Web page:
Money is an external carrot-motivator. It hangs out there offering a prize for a job well done. On the other hand, fear of staying late to complete a project is an external stick-motivator. Its dark voice grumbles, you better get this done or you’ll be here all night.
“Carrot and stick” motivators are powerful forces that trigger hard work. However, I’m thinking of something more powerful than carrots or sticks.
A sense of making progress is the greatest motivator of all. So says Daniel Pink in, “Drive: The Surprising Truth About What Motivates Us.”
Every list-maker knows the power of making progress. Checking off another item on the list energizes them to attack the next task. Conversely, your worst days at work are days when you don’t make progress. No or slow progress DEmotivates. Feeling stuck discourages us.
Let’s apply Pink’s research to leadership.
You have the power to motivate
others by highlighting their progress.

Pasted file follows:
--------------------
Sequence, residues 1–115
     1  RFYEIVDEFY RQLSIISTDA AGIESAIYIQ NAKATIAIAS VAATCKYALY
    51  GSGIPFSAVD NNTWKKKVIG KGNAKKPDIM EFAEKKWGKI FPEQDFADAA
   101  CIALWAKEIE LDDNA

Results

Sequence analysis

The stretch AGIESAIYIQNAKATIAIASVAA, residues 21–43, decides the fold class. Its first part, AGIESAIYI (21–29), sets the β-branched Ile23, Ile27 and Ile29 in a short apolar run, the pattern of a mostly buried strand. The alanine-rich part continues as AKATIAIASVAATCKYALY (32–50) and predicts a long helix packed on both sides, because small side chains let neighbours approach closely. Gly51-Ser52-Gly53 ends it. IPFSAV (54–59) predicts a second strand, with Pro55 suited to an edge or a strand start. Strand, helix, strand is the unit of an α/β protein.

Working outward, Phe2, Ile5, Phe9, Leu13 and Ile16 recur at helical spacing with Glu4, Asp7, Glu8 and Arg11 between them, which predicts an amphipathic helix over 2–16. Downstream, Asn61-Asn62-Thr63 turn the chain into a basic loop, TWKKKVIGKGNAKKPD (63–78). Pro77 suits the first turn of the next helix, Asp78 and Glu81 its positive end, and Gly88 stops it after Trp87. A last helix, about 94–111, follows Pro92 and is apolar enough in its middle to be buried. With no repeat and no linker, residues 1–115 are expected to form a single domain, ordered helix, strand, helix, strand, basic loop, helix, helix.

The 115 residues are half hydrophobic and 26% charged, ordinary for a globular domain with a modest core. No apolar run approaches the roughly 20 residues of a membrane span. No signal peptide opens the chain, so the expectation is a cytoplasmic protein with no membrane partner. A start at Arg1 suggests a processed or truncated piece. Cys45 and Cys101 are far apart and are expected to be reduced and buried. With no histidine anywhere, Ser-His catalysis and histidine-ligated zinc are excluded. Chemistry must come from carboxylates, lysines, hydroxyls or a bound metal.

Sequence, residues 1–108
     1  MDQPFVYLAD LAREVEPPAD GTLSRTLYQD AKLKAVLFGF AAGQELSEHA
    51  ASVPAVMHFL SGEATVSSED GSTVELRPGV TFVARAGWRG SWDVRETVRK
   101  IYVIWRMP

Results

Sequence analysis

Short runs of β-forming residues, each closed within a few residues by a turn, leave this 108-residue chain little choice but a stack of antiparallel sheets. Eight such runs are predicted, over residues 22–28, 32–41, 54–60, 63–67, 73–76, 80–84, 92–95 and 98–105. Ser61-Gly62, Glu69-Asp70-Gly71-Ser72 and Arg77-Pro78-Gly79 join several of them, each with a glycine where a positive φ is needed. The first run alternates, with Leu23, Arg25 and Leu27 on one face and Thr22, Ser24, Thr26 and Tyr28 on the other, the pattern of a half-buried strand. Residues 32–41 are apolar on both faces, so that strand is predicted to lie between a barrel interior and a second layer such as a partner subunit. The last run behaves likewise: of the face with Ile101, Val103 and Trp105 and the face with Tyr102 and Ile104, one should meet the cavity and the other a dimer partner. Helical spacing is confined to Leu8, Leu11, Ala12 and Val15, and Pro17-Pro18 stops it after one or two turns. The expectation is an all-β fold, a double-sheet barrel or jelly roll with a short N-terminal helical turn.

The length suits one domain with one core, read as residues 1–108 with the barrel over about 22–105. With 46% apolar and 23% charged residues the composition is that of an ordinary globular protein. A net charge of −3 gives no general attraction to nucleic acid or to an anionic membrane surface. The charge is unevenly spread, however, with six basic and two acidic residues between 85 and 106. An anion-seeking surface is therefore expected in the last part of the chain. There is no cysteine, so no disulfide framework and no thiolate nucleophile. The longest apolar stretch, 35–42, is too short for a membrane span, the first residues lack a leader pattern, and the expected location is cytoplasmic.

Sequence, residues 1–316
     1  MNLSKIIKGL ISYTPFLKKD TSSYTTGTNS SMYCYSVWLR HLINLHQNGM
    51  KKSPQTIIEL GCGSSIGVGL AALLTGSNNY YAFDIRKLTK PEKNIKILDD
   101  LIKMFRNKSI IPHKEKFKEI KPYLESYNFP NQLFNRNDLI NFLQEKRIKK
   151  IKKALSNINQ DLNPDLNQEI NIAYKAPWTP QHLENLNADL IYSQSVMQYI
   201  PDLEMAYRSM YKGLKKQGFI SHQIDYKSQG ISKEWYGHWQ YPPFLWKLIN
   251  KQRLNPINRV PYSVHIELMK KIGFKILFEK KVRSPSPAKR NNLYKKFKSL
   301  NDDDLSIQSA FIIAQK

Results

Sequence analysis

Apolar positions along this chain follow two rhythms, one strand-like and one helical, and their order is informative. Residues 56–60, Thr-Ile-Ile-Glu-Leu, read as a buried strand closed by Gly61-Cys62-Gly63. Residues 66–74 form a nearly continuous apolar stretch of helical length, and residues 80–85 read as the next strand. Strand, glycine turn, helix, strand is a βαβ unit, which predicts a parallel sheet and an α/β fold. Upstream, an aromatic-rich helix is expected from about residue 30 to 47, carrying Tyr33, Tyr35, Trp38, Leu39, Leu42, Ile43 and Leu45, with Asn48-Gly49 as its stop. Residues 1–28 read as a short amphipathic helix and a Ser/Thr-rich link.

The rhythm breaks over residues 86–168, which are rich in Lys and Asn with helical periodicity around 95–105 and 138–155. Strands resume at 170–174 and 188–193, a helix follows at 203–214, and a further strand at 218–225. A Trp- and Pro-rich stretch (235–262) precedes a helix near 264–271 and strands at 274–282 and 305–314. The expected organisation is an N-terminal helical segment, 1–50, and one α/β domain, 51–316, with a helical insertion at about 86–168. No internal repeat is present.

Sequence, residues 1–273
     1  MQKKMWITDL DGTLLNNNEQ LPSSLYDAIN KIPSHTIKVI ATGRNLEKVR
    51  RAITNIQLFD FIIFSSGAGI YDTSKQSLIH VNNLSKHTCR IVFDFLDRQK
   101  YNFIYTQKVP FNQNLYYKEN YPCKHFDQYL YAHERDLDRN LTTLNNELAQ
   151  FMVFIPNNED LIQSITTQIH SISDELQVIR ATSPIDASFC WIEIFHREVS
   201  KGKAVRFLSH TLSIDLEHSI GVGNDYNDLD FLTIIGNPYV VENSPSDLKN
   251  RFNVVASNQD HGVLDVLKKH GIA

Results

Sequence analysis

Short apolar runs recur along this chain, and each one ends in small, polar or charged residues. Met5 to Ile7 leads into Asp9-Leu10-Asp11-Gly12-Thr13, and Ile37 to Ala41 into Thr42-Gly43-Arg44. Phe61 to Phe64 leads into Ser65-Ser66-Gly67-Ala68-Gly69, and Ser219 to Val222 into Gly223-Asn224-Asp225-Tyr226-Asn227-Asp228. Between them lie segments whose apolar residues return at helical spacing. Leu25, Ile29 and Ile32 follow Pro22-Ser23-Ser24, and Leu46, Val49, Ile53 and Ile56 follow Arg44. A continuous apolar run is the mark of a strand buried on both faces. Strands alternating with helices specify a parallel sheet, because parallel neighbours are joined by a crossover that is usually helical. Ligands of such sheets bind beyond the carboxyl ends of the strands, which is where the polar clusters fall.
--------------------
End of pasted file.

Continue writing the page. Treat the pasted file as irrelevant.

Make progress by making “progress” the topic
of your feedback to others.
Check out See it say it for a concise explanation of giving feedback.
- Make positive comparisons between the present and the past
- Joyfully use the expression, “you’re making progress”
- Remind someone of a skill they recently developed
- Say, “we’ve come a long way in a short time”
Your sons or daughters need a good word. The people over you need a good word. Your colleagues and employees need a good word. Highlighting progress is a good word.
Leaders reach higher by highlighting progress.
Warning: Heavily focusing on the past while talking about the present may come off as a backhanded compliment.
Can you think of other ways to celebrate progress?